Reframing is a useful way of changing a negative into a positive, such as:

‘It’s OK. Everyone makes mistakes. What do you think you learnt from it?’

‘Don’t worry, Mummy isn’t mad. But what do you think we can do to prevent this from happening again?’

‘Hey, why don’t you be my number one helper so we can get things done together? That way, we won’t take so long to have breakfast and won’t be late for school.’

Allowing children to navigate their way through shame, guilt, anger, or sadness helps give them a voice and the confidence needed to make their own decisions away from the controlling environment of their father. Encouraging questions will help them develop their curiosity in a healthy manner.

Similarly, allow them to form their own way of processing the breakup, which might be very different from yours. This is because their perception of the relationship might be different, meaning they have contrasting thoughts and feelings about it, despite how alien it might seem to you.

To help your kids cope with a narcissistic father, you can say things like:

‘I appreciate that you brought that up. How do you feel about that?’

‘So, what does Daddy’s new girlfriend being in his life mean to you?’

‘I understand that you feel that way. Do you think this will affect you when you’re at school?’

How to help your kids cope with a narcissistic father (cont.)

Control your understandable anger

Remember that anger is by far the most damaging emotion, and the real victims of it are your children. So, whenever you can, try to see it from your children’s point of view.

If you feel like bad-mouthing your ex or taking spiteful action against him, think about what it might mean to your children. No matter how the narcissist might deserve it, the children do not deserve to be in the middle of a vicious tug-of-war between their parents.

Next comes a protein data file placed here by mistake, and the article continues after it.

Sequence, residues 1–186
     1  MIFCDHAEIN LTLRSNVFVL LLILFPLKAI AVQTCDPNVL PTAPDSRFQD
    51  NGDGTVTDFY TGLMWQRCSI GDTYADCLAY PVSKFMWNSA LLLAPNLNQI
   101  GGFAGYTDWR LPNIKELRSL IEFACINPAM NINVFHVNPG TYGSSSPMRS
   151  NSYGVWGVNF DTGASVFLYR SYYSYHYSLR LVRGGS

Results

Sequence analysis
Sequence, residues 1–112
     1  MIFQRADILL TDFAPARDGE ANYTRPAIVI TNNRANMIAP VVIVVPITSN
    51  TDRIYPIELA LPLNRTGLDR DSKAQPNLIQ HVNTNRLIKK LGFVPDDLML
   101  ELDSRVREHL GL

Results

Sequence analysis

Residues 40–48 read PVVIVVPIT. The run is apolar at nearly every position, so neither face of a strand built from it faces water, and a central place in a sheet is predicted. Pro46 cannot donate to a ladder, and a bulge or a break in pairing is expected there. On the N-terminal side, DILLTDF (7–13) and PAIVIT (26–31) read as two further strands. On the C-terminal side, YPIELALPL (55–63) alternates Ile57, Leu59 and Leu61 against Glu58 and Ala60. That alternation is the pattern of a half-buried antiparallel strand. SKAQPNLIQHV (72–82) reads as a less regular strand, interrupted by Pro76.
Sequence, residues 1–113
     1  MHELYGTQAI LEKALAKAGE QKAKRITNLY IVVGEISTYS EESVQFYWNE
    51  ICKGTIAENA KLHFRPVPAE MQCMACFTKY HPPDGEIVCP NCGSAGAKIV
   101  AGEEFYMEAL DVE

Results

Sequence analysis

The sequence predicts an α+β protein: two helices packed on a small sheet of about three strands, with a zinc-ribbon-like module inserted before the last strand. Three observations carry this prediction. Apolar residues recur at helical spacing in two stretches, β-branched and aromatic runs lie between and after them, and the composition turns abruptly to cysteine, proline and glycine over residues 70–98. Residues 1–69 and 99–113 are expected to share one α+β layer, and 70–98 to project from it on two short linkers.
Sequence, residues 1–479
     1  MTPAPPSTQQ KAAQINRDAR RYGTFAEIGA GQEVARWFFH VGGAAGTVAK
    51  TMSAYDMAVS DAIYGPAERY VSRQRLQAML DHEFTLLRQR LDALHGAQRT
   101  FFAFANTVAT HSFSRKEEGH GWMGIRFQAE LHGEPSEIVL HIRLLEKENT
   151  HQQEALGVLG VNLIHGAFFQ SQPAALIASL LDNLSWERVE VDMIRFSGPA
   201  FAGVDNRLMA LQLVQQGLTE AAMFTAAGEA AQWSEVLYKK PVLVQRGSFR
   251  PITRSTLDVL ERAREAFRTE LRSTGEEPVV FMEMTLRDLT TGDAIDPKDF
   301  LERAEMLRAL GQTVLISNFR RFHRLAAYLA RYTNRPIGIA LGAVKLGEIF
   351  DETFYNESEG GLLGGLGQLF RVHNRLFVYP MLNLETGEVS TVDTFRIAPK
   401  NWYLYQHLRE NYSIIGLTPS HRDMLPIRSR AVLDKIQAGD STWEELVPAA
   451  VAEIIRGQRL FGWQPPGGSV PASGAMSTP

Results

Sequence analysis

They already have one angry parent, and they do not need another. This is where the work on yourself will matter most.

Your children will likely have been subjected to abusive behaviour that will infuriate you and will make them question their self-worth. For this reason, focus on preventing and rebuilding positive experiences so that the children’s suffering is minimal. You can solidify their sense of identity by assigning individual tasks to them, special little jobs that they can take pride in. This also shows that you trust them.

Taking over the roles of two parents in this manner and staying calm at the same time is a big ask of someone who is already going through a double heartbreak—one from your ex and another from seeing the children upset—but hang in there, for the journey will be worth it.

Observe and have a contingency plan

You’re the only one who knows what he’s really like underneath the mask he presents to everyone else. Mothers who suffer are mothers who do not take advantage of that knowledge.

Understand that manipulations are usually done with a single aim—to draw fuel. The narcissist seeks such fuel in the form of positive attention or a negative reaction, and the children will be the easiest targets.

He will anger, upset, and guilt the children to keep them as a dependable source of energy. He might pit two or all the children against one another or favour one unfairly over the other.

In a tactic known as triangulation, he might use the children to relay distressing news and plans to you or twist your words to make them think that Mummy does not love them.

For this reason, you must formulate a plan, preferably with a therapist or a similar expert, on how to prevent or counter the effects of such manipulations. For your kids to cope with a narcissistic father, help them to recognise emotional abuse by having an honest and straightforward discussion with them.

Present everything as fact, and let them know that their feelings and experiences are real and important.

Limit communications

Oh, if only you could completely cut that narcissistic ex off your and your children’s lives, right? If things were different – a.k.a. you can survive without having to co-parent – everything would be easier.